In the Name of God, the Most Compassionate, the Most Merciful
This week, the Pew Research Center released the results of a poll of American Muslims. It only said what American Muslims have been saying all along, that American Muslims are “middle class and mostly mainstream.” The Center conducted more than 55,000 interviews to get a national sample of more than 1,000 Muslims living in the United States. The poll found that Muslims in America are “largely assimilated, happy with their lives, and moderate with respect to many of the issues that have divided Muslims and Westerners around the world.”
Yet, of course, some of the findings of the poll were seized upon by those who hate Islam to insinuate that U.S. Muslims are a “fifth column” who are closet extremists – wolves in sheep’s‘ clothing.
For example, the poll found that – which was truly surprising to me – that 8% of U.S. Muslims believe “suicide bombing against civilian targets” are often/sometimes” justified. More than three times as many young Muslims – between the ages of 18 and 29 – believe that suicide bombing of civilians are “ever justified.”
Therefore, as the editorial in the Investors Business Daily said, “the country is embedded with a ticking time bomb of Muslim youth who condone suicide bombings.” Others have said similar things, as Glenn Greenwald of Salon.com has noted in excellent detail. Further “showing” that American Muslims are a “fifth column,” is the finding of the poll that 47% of Muslims see themselves as “Muslim first,” rather than “American first.” This means, somehow, that American Muslims are not patriotic.
Yet, there are facts that these pundits and commentators either do not know or fail to acknowledge. As excellently pointed out by Shahed Amanullah at altmuslim, “But something is missing from this poll that any scientist would understand – a ‘control.’ That is, one needs to ask non-Muslim Americans the same questions about terrorism to see where the answers deviate.” He is absolutely correct.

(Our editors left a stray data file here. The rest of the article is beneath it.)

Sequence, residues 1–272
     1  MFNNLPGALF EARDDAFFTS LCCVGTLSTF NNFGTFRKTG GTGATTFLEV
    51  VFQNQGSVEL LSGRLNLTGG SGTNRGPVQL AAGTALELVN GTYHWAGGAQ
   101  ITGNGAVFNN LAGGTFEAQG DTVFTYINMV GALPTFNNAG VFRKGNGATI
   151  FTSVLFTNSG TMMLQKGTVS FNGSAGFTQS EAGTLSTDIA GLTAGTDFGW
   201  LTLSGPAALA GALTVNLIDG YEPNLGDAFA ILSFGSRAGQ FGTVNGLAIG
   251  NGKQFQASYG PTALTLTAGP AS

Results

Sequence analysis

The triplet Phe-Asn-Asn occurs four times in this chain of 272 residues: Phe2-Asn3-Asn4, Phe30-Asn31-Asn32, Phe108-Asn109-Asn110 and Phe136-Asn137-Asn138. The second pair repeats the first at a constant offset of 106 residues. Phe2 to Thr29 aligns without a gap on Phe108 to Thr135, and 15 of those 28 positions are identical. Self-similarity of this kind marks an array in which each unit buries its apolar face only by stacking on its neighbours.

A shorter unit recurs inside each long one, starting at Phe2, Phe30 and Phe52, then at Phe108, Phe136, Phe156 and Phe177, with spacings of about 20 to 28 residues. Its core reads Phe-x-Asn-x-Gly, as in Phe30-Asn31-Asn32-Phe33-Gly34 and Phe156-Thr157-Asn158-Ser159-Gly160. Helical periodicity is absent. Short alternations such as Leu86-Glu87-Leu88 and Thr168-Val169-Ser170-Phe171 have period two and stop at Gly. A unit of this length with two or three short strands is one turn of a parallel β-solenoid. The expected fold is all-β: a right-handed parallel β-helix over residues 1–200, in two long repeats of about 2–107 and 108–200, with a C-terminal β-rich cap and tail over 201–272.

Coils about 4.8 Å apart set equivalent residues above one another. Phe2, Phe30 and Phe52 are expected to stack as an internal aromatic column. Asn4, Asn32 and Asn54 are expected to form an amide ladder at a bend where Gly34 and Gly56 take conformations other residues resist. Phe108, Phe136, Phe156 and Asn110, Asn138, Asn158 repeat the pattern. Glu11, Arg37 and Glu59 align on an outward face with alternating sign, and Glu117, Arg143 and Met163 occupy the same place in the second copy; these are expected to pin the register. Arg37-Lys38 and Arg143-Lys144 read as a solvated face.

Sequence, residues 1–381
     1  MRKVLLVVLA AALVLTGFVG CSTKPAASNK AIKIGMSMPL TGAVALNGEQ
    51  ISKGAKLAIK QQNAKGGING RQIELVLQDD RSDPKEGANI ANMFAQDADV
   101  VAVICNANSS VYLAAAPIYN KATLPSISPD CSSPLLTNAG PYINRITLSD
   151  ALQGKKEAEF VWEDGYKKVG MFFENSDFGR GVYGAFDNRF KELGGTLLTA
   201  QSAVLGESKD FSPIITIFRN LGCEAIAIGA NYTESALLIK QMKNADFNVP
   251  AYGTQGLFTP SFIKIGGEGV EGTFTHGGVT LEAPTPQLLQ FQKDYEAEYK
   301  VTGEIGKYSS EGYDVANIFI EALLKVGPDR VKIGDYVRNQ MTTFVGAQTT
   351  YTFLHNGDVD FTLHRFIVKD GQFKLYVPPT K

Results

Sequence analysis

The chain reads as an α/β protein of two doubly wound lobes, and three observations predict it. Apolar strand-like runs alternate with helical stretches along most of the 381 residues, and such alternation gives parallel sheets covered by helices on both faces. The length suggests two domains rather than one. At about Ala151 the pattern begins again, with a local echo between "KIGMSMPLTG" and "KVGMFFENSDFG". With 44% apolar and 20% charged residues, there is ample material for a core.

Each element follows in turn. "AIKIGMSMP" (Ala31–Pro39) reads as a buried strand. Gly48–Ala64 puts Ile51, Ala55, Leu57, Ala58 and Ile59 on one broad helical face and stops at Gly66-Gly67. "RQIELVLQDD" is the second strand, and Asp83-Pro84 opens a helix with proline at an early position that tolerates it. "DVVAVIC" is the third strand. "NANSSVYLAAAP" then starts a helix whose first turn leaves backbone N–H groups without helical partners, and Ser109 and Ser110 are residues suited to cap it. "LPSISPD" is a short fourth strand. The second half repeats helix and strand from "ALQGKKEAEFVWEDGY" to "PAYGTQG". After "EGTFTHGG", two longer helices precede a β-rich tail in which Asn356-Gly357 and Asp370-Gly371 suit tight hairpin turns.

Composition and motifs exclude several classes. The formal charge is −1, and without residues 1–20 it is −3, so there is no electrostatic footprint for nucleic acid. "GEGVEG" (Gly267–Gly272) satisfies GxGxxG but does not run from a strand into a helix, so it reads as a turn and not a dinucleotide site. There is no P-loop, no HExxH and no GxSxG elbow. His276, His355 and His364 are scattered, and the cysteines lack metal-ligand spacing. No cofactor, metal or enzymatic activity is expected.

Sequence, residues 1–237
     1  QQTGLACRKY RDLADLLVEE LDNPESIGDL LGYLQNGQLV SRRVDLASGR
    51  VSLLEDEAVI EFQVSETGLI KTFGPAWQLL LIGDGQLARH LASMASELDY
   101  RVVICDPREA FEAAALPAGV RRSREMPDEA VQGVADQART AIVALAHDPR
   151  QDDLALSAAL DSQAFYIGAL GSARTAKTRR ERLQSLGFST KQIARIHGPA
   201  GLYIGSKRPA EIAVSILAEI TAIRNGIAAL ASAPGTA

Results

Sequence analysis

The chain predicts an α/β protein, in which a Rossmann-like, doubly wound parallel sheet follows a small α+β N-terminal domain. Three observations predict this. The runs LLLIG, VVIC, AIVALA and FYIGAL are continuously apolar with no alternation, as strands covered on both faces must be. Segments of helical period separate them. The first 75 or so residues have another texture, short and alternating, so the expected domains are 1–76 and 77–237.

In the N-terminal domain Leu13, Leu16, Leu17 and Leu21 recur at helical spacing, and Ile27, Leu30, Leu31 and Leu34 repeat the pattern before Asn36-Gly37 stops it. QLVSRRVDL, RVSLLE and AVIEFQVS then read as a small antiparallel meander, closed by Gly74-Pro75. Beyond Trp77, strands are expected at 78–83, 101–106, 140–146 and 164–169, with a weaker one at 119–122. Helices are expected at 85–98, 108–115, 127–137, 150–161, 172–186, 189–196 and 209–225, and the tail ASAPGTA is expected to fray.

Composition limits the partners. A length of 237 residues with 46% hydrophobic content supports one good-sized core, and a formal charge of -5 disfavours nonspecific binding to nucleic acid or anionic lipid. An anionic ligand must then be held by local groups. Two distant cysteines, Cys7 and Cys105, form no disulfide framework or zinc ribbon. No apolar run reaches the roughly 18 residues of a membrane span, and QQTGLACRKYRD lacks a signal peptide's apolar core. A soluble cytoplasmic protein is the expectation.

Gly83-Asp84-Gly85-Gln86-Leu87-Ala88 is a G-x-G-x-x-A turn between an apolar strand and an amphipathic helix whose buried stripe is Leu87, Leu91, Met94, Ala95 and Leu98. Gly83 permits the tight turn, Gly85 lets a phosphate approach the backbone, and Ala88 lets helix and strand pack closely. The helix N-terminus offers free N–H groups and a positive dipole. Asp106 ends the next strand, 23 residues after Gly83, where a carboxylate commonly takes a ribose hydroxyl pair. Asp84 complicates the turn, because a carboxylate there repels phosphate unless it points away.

Is this phenomenon particular to Muslim Americans? Or, do non-Muslim Americans have similar views? Fortunately, such a “control” does exist.
The University of Maryland’s Program on International Public Attitudes conducted a survey in December 2006 that polled public opinion in both Iran and the United States. In that poll, when asked if “bombing and other types of attacks intentionally aimed at civilians” are justified, 24% of Americans said that these attacks are “often/sometimes” justified. That is three times the number of American Muslims (8%). That number, 24%, was more than double of the number of Iranians who believed the same (11%). You can see the results of this specific question here.
In fact, the number of Americans who said that attacks intentionally aimed at civilians were “never justified” was far less than the number of American Muslims who said the same (46% vs 78%). Yet, no one seemed to mention this very important caveat.
Similarly, the Pew study pointed out that, in a May 2006 Pew Global Attitudes Project national survey, 42% of Americans saw themselves as “Christian first” as opposed to “American first,” almost the same number of Muslim Americans (47%). Yet, again, no one mentioned this very important caveat. Why is that?
Now, I am not trying to belittle the findings that 8% of U.S. Muslims believe suicide bombings are often/sometimes justified. In my mind, that is 8% too many. Still, to point to this finding to “prove” that Muslims are violent by nature is exceedingly disingenuous. The point of the matter is this: American Muslims are middle class, moderate, and mainstream. They are good neighbors and are as American as everyone else.